EverbuildPRO is a hands-on experiential education program – that provides professionals and students with the hand-on, real world experiences necessary to launch green careers. The program consists of 50 hours of experience on a 4-month building project – where participants will get access to: participation in design and planning meetings, tackling of green research and documentation, witnessing performance inspections, and even rolling-up their sleeves and building on-site! Upon program completion, participants will graduate with multifaceted green experience, a LEED-certified building to add to their resume, and qualification for LEED Accreditation, the world’s most recognized sustainability credential.
“Having a passion for sustainable building brought me to Habitat”, stated Jamison Lenz, a Habitat volunteer pursuing his LEED AP+Homes accreditation. “After attaining a degree in Sustainable Business from Aquinas I wanted to find an experience with high performance building. Volunteering with Habitat gives me that hands-on LEED opportunity you just can’t access anywhere else.”
“This program is really helpful. We love our dedicated volunteers who work alongside our home buyer partners. Now being able to integrate some of them even more into the life of our projects is exciting” believes Christopher Hall, Habitat Director of Strategic Initiatives. “I hope they all take their test, pass it with flying colors and then go on to help improve the built environment. But even if they don’t pursue LEED AP any further, we still end up with a new home ownership opportunity for a hard-working, qualified family who needed a hand up. That alone is pretty cool.”
Interested individuals can find registration information for the upcoming project at www.habitatkent.org/green under “LEED AP Project Experience”. Anyone can Habitat or Individual can participate in their local area across the country too.
Christopher J. Hall
Director of Strategic Initiatives
Habitat for Humanity of Kent County
About Habitat for Humanity of Kent County
The nonprofit Christian housing organization Habitat for Humanity of Kent County seeks to serve God, build hope and transform lives through neighborhood revitalization and homeownership for families who otherwise could not afford a home of their own. Since 1983, Habitat Kent has served more than 320 families by welcoming people of all races, religions and nationalities to construct, rehabilitate or preserve homes; by advocating for fair and just housing policies; and by providing training and access to resources to help families improve their shelter conditions. For more information, to donate, volunteer, or purchase a home, please visit www.habitatkent.org, or follow us atwww.facebook.com/habitatkent or at www.twitter.com/KentCoHabitat.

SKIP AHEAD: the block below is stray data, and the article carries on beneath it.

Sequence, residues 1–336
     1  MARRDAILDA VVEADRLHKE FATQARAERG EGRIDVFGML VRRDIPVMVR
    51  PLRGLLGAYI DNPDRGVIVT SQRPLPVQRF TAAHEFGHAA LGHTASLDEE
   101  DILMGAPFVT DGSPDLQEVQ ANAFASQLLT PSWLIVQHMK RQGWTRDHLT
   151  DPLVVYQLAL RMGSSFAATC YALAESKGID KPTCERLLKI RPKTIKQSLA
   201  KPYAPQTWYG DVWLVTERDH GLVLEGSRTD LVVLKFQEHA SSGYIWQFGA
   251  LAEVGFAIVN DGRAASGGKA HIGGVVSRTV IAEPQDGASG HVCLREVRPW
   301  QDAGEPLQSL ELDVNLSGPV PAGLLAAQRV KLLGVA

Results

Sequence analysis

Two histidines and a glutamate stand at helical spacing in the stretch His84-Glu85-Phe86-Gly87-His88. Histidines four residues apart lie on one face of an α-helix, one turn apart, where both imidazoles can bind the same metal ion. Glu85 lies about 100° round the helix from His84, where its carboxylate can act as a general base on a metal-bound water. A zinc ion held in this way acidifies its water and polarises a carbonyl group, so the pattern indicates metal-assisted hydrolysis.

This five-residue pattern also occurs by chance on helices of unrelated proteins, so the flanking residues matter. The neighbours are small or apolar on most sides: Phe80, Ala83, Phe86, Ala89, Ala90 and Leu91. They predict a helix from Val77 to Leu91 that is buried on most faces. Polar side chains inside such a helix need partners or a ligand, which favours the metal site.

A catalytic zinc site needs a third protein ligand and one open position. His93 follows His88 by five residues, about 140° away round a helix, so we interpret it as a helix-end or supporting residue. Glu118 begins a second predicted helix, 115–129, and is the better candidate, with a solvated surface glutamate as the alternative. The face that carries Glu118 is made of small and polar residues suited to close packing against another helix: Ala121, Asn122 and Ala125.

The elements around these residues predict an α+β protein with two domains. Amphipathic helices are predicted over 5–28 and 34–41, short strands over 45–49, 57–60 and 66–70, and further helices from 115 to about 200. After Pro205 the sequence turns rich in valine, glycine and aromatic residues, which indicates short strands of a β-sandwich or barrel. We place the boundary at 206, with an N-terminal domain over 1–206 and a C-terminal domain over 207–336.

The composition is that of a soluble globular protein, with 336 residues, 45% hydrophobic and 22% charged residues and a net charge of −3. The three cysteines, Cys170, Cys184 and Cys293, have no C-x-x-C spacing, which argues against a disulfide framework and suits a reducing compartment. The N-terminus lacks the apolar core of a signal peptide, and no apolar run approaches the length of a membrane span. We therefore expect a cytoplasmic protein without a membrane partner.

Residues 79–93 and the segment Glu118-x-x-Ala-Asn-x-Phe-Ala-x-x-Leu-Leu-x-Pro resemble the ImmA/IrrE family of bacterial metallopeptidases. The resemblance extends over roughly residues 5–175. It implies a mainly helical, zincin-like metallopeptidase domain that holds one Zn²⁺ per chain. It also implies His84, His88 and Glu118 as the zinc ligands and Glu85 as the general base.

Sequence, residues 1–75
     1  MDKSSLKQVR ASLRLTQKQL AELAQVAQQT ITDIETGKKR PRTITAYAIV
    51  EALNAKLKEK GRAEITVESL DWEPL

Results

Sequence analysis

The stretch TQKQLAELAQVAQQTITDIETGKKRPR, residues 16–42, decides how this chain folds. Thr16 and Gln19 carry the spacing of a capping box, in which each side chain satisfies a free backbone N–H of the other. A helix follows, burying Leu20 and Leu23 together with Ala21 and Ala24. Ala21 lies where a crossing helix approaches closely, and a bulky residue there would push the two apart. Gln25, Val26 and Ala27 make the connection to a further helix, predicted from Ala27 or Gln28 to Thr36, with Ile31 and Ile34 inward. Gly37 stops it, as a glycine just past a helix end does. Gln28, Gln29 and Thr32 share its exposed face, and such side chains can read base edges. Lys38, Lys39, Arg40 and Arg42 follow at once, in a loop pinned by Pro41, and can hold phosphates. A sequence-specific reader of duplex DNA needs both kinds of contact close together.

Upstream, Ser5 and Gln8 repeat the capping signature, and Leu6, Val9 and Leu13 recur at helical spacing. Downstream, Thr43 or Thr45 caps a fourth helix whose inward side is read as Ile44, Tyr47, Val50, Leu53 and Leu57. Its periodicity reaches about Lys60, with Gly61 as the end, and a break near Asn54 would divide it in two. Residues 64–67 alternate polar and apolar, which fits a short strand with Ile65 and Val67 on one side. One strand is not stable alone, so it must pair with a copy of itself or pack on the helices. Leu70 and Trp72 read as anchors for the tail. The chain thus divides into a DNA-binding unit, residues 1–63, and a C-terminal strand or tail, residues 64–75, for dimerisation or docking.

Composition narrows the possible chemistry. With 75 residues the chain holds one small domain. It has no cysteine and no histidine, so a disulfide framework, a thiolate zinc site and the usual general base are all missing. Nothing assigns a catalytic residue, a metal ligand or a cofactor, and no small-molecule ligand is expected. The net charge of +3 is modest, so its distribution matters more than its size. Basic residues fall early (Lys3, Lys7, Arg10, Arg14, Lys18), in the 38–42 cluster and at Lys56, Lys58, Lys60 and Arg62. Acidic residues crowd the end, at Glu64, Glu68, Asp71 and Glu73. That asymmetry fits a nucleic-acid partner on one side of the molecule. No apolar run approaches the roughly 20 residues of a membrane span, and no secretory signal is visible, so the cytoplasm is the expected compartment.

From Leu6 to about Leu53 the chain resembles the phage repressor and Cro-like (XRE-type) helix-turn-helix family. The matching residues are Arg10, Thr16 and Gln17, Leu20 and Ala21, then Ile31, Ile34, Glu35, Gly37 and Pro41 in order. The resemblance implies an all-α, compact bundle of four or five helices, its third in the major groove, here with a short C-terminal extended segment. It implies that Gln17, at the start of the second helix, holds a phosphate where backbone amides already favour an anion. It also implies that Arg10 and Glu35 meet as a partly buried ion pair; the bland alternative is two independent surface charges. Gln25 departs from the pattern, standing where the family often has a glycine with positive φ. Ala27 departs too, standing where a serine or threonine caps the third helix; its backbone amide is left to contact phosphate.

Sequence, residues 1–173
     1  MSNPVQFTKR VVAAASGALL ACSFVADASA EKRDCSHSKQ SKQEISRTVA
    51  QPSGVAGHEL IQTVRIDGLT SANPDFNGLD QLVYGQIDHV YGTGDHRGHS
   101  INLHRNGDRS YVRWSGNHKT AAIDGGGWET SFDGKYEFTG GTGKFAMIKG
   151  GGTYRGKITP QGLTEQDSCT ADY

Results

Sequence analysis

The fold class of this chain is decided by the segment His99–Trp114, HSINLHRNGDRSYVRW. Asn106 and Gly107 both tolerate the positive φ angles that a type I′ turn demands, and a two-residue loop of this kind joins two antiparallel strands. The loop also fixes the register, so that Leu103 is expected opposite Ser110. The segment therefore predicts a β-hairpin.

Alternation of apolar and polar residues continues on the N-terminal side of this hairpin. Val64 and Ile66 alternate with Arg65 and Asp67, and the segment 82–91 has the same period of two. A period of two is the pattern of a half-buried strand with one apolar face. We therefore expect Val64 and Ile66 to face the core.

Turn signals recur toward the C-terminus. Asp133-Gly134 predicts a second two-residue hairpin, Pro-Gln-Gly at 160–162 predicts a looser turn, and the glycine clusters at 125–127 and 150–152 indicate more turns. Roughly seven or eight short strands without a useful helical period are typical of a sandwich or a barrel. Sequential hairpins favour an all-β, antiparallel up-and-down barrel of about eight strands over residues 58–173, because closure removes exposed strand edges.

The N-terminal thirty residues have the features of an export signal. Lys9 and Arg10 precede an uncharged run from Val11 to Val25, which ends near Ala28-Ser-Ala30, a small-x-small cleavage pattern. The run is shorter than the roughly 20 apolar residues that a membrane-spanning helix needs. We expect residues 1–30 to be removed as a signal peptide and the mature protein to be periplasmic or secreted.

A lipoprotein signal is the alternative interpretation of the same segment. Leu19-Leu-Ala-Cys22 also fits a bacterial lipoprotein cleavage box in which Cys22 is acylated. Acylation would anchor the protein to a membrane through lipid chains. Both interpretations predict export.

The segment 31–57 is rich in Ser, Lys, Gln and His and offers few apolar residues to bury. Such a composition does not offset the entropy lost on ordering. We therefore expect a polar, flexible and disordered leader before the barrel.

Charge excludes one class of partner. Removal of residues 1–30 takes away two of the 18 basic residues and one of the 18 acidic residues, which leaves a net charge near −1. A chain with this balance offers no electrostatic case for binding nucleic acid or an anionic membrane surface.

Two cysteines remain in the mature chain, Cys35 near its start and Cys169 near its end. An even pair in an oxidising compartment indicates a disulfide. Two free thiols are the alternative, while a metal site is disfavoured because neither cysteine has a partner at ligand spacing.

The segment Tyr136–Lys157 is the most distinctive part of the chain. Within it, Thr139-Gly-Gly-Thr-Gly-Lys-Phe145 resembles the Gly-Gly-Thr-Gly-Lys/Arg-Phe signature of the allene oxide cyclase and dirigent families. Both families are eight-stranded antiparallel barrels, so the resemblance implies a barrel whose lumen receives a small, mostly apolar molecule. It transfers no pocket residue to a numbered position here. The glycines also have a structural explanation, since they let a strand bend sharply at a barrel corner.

Nine new LEED for Homes registered townhomes in Southeast Grand Rapids are under construction as the first leg of a much larger proposed project by LINC Community Revitalization, Inc. to replace abandoned foreclosed homes with modern, energy efficient townhomes.
The project, Southtown Square, demolished two dilapidated townhouses and a vacant commercial printing business and remediated contaminated soil. Now, nine affordable-rate townhomes are heading for completion, part of a project that could replace some 20 foreclosed properties with 41 modern homes in a neighborhood where many families have struggled to keep their homes, and lost.
The nine two-story townhomes (537 and 539 Hall St. SE; 454 and 456 Umatilla St. SE; 429, 431 and 433 Umatilla St. SE; and 428 and 430 Woodlawn St. SE) will run 800 to 1,150 square feet. Most offer three bedrooms and two-and-a-half baths, says Stephanie Gingeritch, LINC real estate development director. All of them will have full appliance packages and in-home laundry. One home will have a handicap accessible main floor bathroom and bedroom.
LINC purchased the properties from the Michigan Land Bank, Gingeritch says. Work on another two-building townhouse project near Hall and Madison Avenue SE begins in September.
“This is part of a larger redevelopment project where we will be purchasing additional foreclosed townhouses from the State of Michigan and redeveloping those as affordable units,” Gingeritch says. “We recently submitted an application for tax credit financing for an additional 41 units of housing (five additional sites, 20 buildings) on Umatilla and Gilbert. We’ll hear in March 2013 if that is awarded.